Cracked, Flawed, and Broken

I've been listening a lot lately. Listening to recorded books while I endlessly drive all over the county, listening to conversations at the next table, listening to my teens in my kitchen. 

Characters in books, adult women, teens - we all have this in common: we like to talk about each other. This isn't news, is it? 

If I'm being honest with myself, I can confess to anyone that I am cracked, flawed, and broken without the hope of fixing any of my flaws all by myself. To be sure, there are many tools I've used over the years to help heal the areas of my life that have seen damage, but ultimately, as a woman who puts her hope in Jesus Christ's finished redemption, I believe that God is the only true healer here.

I also compensate for my overly-nerdy, introverted, "gifted", think-too-deeply, live-inside-my-head tendencies by talking far, far too much. Dead conversational space makes me physically queasy, and I cope by talking. By saying what could be said in 5 words with 105. Only the most patient of friends put up with me (and that's like two).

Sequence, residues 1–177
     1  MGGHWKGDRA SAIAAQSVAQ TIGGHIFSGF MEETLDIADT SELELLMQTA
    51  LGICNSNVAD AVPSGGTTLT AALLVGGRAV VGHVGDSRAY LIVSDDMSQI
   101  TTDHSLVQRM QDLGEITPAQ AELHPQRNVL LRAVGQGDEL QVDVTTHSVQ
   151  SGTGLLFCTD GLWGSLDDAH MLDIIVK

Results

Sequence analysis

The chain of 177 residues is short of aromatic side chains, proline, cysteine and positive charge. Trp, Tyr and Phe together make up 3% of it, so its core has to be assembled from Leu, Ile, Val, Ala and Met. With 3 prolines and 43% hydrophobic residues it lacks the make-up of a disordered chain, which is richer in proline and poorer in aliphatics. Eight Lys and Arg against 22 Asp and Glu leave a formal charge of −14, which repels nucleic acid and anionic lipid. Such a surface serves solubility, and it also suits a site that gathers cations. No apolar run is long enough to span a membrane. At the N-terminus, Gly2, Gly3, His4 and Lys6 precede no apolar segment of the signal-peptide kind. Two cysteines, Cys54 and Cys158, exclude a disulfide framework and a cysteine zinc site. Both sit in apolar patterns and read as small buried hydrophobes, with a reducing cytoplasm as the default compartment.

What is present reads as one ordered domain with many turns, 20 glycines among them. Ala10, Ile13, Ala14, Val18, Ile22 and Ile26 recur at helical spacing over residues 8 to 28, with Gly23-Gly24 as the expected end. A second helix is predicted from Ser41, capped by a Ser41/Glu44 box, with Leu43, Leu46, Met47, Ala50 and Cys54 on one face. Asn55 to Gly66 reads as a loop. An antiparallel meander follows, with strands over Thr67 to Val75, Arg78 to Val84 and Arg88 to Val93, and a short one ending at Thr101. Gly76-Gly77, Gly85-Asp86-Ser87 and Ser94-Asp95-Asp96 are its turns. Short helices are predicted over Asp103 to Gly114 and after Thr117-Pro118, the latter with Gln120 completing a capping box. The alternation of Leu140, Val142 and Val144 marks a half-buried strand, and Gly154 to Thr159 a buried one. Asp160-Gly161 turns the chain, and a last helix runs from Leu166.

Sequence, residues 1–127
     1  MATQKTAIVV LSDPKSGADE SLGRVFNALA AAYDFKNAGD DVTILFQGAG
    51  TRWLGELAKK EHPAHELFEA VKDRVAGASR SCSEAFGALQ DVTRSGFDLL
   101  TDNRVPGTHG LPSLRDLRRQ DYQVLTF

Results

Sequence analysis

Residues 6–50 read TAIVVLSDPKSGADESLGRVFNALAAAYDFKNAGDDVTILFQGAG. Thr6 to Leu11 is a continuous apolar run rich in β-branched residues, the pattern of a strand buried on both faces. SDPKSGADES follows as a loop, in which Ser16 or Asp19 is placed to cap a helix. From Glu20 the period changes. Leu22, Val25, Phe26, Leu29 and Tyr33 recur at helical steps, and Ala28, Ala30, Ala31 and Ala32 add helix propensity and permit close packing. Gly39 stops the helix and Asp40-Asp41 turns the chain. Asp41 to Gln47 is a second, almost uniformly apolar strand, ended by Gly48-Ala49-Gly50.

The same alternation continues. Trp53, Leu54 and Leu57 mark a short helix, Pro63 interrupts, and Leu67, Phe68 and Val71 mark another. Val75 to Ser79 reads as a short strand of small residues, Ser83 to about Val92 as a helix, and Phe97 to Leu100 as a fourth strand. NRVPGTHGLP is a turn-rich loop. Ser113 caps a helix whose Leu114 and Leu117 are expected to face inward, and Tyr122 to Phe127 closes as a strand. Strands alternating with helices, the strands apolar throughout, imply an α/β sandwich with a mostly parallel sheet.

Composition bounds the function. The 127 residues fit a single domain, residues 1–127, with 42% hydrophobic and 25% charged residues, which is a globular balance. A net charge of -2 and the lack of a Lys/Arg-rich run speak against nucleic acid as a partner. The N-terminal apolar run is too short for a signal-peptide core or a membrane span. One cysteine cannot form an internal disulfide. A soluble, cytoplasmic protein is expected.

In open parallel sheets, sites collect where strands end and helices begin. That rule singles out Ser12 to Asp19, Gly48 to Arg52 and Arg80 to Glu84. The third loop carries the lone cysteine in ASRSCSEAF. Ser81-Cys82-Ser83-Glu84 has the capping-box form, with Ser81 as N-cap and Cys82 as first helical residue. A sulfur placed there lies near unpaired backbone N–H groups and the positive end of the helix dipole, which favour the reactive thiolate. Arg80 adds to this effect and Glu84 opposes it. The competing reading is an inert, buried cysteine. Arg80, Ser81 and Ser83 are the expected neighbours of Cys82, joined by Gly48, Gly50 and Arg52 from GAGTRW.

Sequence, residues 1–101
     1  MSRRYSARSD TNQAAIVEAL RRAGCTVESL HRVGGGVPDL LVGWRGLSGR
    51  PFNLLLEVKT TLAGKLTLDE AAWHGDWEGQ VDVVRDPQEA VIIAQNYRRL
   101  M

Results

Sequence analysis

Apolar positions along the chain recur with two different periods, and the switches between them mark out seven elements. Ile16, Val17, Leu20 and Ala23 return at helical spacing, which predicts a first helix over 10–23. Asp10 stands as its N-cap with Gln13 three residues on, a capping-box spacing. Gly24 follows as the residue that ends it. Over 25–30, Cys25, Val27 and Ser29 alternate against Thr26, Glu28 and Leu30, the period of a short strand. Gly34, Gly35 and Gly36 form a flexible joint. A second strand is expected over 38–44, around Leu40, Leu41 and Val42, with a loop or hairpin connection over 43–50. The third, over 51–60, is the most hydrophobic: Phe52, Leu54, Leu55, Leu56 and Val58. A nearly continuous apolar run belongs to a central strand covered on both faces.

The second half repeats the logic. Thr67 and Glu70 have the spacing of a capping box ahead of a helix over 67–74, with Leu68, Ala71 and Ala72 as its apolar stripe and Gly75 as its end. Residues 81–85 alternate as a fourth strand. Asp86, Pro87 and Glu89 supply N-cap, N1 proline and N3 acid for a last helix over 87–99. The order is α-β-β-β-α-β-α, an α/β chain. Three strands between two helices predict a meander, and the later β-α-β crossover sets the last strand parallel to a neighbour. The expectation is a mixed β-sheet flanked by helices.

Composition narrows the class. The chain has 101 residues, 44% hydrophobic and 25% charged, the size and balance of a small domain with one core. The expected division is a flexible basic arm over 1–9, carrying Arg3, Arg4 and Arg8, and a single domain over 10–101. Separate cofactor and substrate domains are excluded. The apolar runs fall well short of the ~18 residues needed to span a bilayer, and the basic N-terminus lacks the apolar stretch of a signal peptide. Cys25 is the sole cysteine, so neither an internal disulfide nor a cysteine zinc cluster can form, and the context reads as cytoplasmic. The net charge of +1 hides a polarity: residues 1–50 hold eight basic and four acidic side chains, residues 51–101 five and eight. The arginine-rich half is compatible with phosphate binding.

In all the recent listening, I'm learning about other women what I have missed in a thousand conversations I've listened to before. We are all cracked, flawed, and broken.

That uppity woman who needs for all the other women to know how much money she makes or that she writes her thank you notes on Crane stationery and bought her boots at Bergdorfs? She's probably wildly insecure.

That teen who heartlessly puts down all the other teens around her and surrounds herself with a friend or two who giggle at her insults and snide remarks under her breath? This is an obvious one, isn't it? She's so insecure in who she is becoming that she's creating a wall no one else can penetrate. She'll have to spend the rest of her life tearing it down, brick by brick. 

That overly-chatty friend who seems to talk endlessly about the things going on in her world in profuse abundance and droll detail? Well, that would be me, and I'm trying to compensate for my own social ineptitude.